CTIA will require wireless phone makers to publish the
data, known as the Specific Absorption Rate (SAR), for
all phones beginning Aug. 1, 2000
“The SAR isn’t appropriate as a safety measure,” Dr.
George Carlo said. Carlo, who headed the independent
Radiation Protection Project because SAR doesn’t measure
Microwave radiation absorption
occurs at the molecular, cellular, tissue and whole-body
levels. The dominant factor for net energy absorption
by an entire organism is related to the dielectric properties
of bulk water, which ultimately causes transduction
of electromagnetic energy into heat."Cooking"
Digital cellular telephones transmit information in
bursts of power. The power is turned on and off, and
the equipment transmits for a fraction of the time only
and then is silent for the remaining part of the burst
In one study, mice genetically
altered to be predisposed to developing one type of
cancer developed more than twice (200%) as many such
cancers when they were exposed to RF energy compared
A report prepared by the United Kingdom government's
Independent Expert Group on Mobile Phones (IEGMP) was
released on May 11, 2000. It stated "We conclude
therefore that it is not possible at present to say
that exposure to RF radiation, even at levels below
national guidelines, is totally without potential adverse
health effects, and that the gaps in knowledge are sufficient
to justify a precautionary approach." The report
presented numerous conclusions and recommendations,
such as discouraging the marketing of mobile phones
to children and their use of them, an investigation
into the health risks associated with the use of hands
free headsets, radiation exposure levels (expressed
in SAR's) should appear on wireless product product
packages and literature, the circulation of pamphlets
by the government to every household advising the possible
health risks and new tower approval guidelines. Click
here for a summary of the report and its recommendations.
Genetic toxicology studies should
focus on single cell gel studies of DNA strand breakage
and on induction of micronuclei. (These are the only
direct genetoxic effects suggested at this time.) The
need to replicate the Lai and Singh experiments used
to demonstrate microwave-induced DNA strand breakage
(Int. J. Radiat. Biol. 69:513-521, 1996) is strengthened
by Dr. Lai's recent reports in scientific meetings that
this effort is suppressed by melatonin exposure.
In a letter submitted to the U.S. House of Representatives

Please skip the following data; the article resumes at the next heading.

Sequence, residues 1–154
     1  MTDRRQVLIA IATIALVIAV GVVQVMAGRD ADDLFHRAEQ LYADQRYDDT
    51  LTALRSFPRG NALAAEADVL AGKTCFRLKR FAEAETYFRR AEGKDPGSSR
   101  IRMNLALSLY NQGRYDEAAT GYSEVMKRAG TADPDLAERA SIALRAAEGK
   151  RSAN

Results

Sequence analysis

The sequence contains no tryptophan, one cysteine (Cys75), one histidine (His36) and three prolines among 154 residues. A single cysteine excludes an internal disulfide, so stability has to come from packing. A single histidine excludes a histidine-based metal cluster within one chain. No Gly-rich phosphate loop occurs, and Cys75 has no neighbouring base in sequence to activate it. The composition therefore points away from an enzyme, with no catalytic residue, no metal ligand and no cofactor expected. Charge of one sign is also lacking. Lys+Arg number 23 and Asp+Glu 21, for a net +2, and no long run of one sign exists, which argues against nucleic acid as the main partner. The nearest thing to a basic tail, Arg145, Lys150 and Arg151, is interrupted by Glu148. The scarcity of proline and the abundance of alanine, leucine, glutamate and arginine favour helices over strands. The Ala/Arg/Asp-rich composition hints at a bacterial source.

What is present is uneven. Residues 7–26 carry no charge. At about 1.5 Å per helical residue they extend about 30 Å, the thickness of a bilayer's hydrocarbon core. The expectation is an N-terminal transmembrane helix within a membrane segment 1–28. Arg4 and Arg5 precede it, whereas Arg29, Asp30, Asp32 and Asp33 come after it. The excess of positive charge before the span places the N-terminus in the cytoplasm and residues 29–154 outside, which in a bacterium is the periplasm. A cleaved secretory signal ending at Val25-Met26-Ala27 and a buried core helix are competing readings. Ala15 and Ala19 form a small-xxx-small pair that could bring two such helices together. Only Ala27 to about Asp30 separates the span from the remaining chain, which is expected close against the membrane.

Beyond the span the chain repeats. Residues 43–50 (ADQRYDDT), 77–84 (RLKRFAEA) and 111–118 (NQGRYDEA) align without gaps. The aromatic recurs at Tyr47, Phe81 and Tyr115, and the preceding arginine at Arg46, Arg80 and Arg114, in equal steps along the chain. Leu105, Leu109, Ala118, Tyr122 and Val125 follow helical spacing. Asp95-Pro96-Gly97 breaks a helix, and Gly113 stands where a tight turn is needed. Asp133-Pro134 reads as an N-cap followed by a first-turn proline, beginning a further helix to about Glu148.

in May 1997, the FDA acknowledged that "Little
is known about the possible health effects of repeated
or long-term exposure to low levels of radiofrequency
radiation (RFR) of the types emitted by wireless communications
devices" During February, 2000, the FDA issued
a Nomination reiterating their position, stating "There
is currently insufficient scientific basis for concluding
either that wireless communication technologies are
safe or that they pose a risk to millions of users.
A significant research effort, involving large well-planned
animal experiments is needed to provide the basis to
assess the risk to human health of wireless communications
Here is what the EPA
says about radiation exposure:
"Depending on the level of exposure, radiation
can pose a health risk. It can adversely affect individuals
directly exposed as well as their descendants. Radiation
can affect cells of the body, increasing the risk of
cancer or harmful genetic mutations that can be passed
on to future generations; or, if the dosage is large
enough to cause massive tissue damage, it may lead to
death within a few weeks of exposure."Source:
EPA 402-F-98-009 May 1998
The Chairman of WTR, a wireless industry funded organization,
asks the Chairman of AT&T for assistance to inform
consumers about the potential health risks associated
with the use of cellular phones.
The Bluetooth wireless technology standard is a specification
for small form factor, low-cost, wireless communication
and networking between PCs, mobile phones and other
electronic products. It has been adapted for use by
more than 1,400 companies.